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Sun, Jan. 26

Participants sought for Veterans Day Parade Nov. 10

A scene from the 2016 Veterans Day Parade in Kingman. (Daily Miner file photo)

A scene from the 2016 Veterans Day Parade in Kingman. (Daily Miner file photo)

KINGMAN - Americans from across our great nation will pay homage next month in observance of Veterans Day.

Veterans Day is a national holiday held every Nov. 11 honoring and thanking men and women, both living and deceased, who have served in the U.S. military, for their patriotism, heroism and willingness to serve their country in the face of danger.

There is some confusion by Americans when it comes to honoring veterans. Veterans Day celebrates the service of all U.S. military veterans, while Memorial Day only honors those who died while in military service. It also should not be confused with Armed Forces Day, a minor U.S. remembrance that occurs in May, which specifically honors those currently serving in the U.S. military.

Since Veterans Day actually falls on a Sunday this year, the Kingman Veterans Day Parade committee has decided to host the parade in downtown Kingman on Beale Street at 10 a.m. Saturday, Nov. 10. Kingman Veterans Day parade participants will travel on Beale Street from Fifth Street to Locomotive Park. This year’s theme of the parade is honoring the U.S. Marine Corps that is celebrating its 243rd birthday Saturday, Nov. 10, and according to the parade committee, they would like to honor all local Marine Corps veterans for their service.

Those interested in participating in the Kingman Veterans Day Parade, donating items for the parade raffle or volunteering to help make the parade a success, can do so by visiting its website at or calling 928-753-6626.

Just because the parade will honor the U.S. Marine Corps, parade officials hope all people who have served in the military, family members of current and former military personnel, and all concerned citizens will want to participate and attend the parade.

There are about 3,300,000 U.S. military personnel currently serving, including 817,459 National Guard members and 1,315,609 active duty personnel. Of that number, nearly 200,000 are currently deployed around the world at 800 bases in 177 countries.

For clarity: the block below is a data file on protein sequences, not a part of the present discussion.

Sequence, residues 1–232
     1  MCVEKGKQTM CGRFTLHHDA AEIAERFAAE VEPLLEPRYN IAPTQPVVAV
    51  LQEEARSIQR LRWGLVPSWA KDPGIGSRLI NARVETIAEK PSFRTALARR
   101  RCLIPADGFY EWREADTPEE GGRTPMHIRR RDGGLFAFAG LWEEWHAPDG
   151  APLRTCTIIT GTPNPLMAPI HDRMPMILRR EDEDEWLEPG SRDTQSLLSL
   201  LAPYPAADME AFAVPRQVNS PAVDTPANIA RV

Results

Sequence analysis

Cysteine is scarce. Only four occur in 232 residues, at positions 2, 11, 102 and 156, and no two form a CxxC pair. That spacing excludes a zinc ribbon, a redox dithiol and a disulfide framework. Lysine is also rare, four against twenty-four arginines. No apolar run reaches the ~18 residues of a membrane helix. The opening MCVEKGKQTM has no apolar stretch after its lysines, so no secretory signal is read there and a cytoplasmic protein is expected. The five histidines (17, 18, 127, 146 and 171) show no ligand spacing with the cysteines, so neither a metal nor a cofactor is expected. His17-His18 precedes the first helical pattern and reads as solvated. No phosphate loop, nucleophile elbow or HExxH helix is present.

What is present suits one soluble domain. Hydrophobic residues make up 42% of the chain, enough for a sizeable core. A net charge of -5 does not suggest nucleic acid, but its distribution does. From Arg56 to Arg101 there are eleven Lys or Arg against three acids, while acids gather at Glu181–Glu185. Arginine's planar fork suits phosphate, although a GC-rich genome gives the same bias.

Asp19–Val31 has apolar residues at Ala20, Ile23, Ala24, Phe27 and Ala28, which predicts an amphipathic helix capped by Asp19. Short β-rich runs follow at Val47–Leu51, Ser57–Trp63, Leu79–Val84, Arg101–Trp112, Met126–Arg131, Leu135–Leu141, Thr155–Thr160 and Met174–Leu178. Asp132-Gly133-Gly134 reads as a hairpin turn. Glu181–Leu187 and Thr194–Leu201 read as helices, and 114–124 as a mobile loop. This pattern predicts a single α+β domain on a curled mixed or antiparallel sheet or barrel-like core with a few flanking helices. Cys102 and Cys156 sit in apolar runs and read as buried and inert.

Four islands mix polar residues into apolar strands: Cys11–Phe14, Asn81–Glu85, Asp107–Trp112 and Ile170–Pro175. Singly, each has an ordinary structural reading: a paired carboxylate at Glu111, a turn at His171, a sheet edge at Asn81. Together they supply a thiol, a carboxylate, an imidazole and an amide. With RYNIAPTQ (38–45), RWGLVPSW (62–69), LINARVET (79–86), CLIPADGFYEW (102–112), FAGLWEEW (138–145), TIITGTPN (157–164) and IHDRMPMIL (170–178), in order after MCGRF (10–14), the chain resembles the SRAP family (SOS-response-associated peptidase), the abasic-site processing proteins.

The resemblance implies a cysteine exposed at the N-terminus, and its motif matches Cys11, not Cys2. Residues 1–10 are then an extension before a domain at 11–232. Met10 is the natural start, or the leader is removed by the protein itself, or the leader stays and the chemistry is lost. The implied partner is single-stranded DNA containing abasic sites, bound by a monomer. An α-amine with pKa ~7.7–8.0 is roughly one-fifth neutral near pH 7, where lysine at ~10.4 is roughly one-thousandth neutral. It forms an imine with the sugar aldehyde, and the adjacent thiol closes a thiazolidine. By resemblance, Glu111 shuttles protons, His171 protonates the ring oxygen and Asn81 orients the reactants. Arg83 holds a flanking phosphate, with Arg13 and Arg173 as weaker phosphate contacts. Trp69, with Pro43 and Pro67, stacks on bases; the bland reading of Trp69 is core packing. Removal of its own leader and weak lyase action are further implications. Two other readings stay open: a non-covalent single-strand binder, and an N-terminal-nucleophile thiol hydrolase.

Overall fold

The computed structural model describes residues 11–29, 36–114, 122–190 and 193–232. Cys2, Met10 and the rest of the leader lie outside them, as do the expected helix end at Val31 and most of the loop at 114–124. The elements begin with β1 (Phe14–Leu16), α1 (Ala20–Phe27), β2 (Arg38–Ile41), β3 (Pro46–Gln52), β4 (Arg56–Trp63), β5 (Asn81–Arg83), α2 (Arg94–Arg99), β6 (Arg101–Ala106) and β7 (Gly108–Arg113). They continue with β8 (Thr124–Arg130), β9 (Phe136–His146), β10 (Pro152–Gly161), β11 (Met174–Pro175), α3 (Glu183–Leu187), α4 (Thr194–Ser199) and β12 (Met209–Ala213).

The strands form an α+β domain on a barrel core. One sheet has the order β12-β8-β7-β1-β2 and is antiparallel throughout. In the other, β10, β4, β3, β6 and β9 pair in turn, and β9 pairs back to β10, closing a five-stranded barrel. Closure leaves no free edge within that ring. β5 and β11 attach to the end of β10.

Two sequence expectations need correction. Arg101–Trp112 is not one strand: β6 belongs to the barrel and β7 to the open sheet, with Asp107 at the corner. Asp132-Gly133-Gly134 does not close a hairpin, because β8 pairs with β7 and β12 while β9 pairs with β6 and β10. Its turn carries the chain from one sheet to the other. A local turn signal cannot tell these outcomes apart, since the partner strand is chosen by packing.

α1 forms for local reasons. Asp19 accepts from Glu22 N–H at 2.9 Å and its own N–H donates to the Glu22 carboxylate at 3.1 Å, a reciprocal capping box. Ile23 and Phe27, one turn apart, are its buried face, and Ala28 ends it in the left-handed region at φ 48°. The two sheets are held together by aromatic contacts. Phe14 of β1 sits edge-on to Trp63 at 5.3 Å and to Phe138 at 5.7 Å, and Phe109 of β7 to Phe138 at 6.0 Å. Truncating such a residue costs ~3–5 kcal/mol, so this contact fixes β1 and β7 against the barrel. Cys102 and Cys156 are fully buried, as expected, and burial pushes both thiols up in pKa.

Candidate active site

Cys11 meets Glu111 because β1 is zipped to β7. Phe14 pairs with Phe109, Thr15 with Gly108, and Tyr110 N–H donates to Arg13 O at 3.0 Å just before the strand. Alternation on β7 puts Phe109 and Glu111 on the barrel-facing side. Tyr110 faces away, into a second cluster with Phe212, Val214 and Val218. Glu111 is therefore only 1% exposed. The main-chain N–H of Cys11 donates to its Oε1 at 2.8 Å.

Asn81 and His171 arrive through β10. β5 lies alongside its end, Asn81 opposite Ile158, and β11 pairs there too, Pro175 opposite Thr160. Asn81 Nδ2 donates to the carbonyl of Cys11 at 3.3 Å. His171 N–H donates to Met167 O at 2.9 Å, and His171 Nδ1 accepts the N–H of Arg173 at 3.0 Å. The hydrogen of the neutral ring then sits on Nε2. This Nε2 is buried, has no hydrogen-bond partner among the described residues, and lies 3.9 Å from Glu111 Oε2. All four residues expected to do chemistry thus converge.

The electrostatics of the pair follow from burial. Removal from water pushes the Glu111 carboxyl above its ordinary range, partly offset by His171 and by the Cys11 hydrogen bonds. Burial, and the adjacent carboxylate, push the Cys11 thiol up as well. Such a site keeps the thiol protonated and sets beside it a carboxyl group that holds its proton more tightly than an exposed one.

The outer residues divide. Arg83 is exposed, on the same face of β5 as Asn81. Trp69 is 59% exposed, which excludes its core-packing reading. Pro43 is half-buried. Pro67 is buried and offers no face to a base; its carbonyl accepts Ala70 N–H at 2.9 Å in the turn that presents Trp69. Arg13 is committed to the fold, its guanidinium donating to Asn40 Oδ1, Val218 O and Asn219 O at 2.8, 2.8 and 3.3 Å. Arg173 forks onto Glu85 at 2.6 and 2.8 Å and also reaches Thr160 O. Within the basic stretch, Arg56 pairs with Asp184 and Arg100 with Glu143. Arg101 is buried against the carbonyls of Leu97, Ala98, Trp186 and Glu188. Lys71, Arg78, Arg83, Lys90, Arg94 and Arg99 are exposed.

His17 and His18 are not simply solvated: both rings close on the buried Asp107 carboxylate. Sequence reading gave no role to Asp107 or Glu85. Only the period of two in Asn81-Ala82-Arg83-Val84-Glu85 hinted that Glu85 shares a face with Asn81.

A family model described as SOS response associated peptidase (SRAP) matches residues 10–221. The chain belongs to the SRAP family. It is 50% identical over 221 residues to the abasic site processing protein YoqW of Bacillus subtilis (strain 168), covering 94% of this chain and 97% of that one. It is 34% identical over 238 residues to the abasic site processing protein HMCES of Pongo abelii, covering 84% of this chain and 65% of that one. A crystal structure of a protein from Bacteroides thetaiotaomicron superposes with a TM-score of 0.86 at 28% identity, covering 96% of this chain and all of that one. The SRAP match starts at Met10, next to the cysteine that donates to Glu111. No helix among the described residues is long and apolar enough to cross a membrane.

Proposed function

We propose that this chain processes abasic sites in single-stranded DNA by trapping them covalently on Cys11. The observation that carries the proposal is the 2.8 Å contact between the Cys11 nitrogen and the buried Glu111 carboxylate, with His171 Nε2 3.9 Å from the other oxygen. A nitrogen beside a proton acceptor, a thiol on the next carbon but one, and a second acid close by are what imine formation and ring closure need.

Some of the wars the U.S. participated in were relatively short in time, but others were longer. The top 10 lengths of U.S. participation in wars are: War in Afghanistan, Moro Rebellion, Northwest Indian War, Iraq War, American Revolutionary War, Vietnam Conflict, Second Seminole War, First Barbary War, American Civil War and World War II.

The top ten wars by actual combat related deaths are: World War II (1941 – 1945, 291,557); American Civil War (1861 – 1865, 214,524 – includes both Union and Confederate troops); World War I (1917 – 1918 63,114); Vietnam Conflict (never actually designated a war) (1960 – 1973, 47,434); Korean Conflict (never actually designated a war) (1950 – 1953, 33,739); American Revolutionary War (1775 – 1783, 6,800); Iraq/Afghanistan Wars (2001 – 2014, 5,790); War of 1812 (1812 – 1815, 2,260); Mexican-American War (1848 -1848, 1733); and Second Seminole War (1835 – 1842 1,500-plus).

Government officials estimate there have been more than 666,000 Americans who have died as a result of combat since 1775 and another 1,498,240 were wounded in action. There are 40,917 U.S. servicemembers listed as missing in action, however, many of them are presumed dead.

Many VFWs, American Legions, military fraternal, and other fraternal and civilian organizations throughout Arizona, Nevada and California will be conducting Veterans Day ceremonies. People interested in attending a Veterans Day celebration should contact their local city government, military fraternal, and other fraternal and civilian organizations.

Remember the true reason to participate in Veterans Day ceremonies is to reflect upon those who are serving this great nation and those who have made the ultimate sacrifice.

Take the time to research Veterans Day, and if someone says they don't know why it is a National holiday, take the time to explain exactly why it is so important to our country and the American people.

Editor’s Note: Butch Meriwether is a retired U.S. Marine Corps gunnery sergeant who served his country from Jan. 2, 1964 – Aug. 30, 1984 and had combat tours of duty in Vietnam from 1967-1970.

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